Jump to Content Jump to Main Navigation
The Oxford Handbook of International Organizations edited by Katz Cogan, Jacob; Hurd, Ian; Johnstone, Ian

Part VII Structure and Operations, Ch.36 Parliaments

Bjørn Høyland

From: The Oxford Handbook of International Organizations

Edited By: Jacob Katz Cogan, Ian Hurd, Ian Johnstone

From: Oxford Public International Law (http://opil.ouplaw.com). (c) Oxford University Press, 2015. All Rights Reserved.date: 11 December 2019

Subject(s):
Humanitarian intervention — Membership of international organizations — International organizations, practice and procedure — Resolutions of international organizations

International organizations (IOs) often have a parliamentary body amongst their governing institutions. But these bodies often lack the powers associated with national level equivalents. The European Union has empowered its parliamentary body with substantive powers. The European Parliament (EP) elects its members by general direct elections; has been empowered with substantive legislative and budgetary powers; and its support is required for the executive, the European Commission, to take office. As the EU is unique in its empowerment of its parliamentary body, this chapter discusses to what extent its model should be adopted by other IOs. It is organized as follows. The first section presents a list of IOs with a parliamentary body along with the level of empowerment of this body. The second section discusses the role of direct elections and full-time parliamentarians as a means to empower the parliamentary body. The third section traces the development of the legislative powers of the EP and how it is organized in order to increase its formal powers. The fourth section describes the evolution of the budgetary powers of the EP. The final section deals with the EP's power to control the executive.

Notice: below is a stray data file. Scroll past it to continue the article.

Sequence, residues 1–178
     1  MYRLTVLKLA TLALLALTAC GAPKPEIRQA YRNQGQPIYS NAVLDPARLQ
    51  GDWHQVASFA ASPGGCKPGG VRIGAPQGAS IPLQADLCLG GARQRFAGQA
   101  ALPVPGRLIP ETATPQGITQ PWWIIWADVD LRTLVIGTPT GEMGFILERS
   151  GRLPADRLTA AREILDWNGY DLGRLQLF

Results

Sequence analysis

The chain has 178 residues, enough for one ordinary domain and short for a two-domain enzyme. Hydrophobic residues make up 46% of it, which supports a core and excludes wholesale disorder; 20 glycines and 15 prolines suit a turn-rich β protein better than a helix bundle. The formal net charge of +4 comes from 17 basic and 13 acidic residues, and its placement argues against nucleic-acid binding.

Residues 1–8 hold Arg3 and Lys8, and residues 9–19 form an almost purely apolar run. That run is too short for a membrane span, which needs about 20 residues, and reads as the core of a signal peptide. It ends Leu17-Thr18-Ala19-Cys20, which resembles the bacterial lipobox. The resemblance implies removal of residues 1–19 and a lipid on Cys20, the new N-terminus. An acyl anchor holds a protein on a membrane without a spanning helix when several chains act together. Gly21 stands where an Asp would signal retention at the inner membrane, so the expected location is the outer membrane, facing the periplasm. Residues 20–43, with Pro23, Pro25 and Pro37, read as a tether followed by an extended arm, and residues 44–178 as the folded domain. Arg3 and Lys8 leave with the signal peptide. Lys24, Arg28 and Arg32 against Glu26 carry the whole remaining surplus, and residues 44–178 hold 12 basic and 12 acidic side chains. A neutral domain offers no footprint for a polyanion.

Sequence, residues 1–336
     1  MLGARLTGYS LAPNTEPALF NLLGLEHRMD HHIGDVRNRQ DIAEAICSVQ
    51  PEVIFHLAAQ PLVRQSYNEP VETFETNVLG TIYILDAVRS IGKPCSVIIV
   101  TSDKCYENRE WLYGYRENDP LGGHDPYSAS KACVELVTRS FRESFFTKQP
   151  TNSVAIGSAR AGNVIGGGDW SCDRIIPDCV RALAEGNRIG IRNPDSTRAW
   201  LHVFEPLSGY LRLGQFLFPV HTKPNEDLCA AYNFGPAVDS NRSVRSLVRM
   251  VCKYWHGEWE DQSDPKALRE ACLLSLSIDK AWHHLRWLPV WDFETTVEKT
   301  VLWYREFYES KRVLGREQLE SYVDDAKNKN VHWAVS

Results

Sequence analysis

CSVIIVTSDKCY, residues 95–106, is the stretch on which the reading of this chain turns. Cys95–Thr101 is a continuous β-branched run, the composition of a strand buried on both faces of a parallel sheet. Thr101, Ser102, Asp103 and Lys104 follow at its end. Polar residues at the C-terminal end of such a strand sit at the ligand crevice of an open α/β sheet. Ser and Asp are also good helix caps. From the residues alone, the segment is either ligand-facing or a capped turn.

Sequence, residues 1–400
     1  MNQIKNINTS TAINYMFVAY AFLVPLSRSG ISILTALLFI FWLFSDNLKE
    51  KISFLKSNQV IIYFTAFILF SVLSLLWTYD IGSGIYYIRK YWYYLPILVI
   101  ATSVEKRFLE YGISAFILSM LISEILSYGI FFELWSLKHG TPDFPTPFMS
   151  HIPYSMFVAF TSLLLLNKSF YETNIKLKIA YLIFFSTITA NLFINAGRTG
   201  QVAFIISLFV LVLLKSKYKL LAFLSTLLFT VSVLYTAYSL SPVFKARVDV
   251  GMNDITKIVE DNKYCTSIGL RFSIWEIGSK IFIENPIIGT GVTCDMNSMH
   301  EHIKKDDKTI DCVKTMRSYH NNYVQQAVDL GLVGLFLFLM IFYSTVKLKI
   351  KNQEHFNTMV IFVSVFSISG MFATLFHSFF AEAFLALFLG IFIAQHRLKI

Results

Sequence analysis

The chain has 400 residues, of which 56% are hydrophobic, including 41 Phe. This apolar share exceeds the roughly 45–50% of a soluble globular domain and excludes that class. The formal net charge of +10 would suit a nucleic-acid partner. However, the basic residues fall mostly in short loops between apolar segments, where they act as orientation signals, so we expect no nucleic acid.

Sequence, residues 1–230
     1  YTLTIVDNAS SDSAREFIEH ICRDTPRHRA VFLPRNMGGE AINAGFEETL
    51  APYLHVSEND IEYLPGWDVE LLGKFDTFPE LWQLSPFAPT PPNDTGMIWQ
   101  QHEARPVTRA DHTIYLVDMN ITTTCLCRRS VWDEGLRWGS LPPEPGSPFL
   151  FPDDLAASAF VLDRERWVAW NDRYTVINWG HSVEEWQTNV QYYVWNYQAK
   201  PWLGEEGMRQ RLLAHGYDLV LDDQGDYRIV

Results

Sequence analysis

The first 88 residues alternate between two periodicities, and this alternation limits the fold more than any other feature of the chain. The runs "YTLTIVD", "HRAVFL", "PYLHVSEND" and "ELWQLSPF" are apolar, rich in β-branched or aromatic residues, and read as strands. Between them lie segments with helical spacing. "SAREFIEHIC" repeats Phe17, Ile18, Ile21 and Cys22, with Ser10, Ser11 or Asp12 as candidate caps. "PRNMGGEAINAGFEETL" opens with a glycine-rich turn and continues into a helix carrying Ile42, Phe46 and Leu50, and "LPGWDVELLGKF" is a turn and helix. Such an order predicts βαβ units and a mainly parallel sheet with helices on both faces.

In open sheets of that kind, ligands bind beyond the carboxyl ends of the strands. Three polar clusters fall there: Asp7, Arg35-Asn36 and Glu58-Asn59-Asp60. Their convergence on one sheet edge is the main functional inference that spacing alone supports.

Users without a subscription are not able to see the full content. Please, subscribe or login to access all content.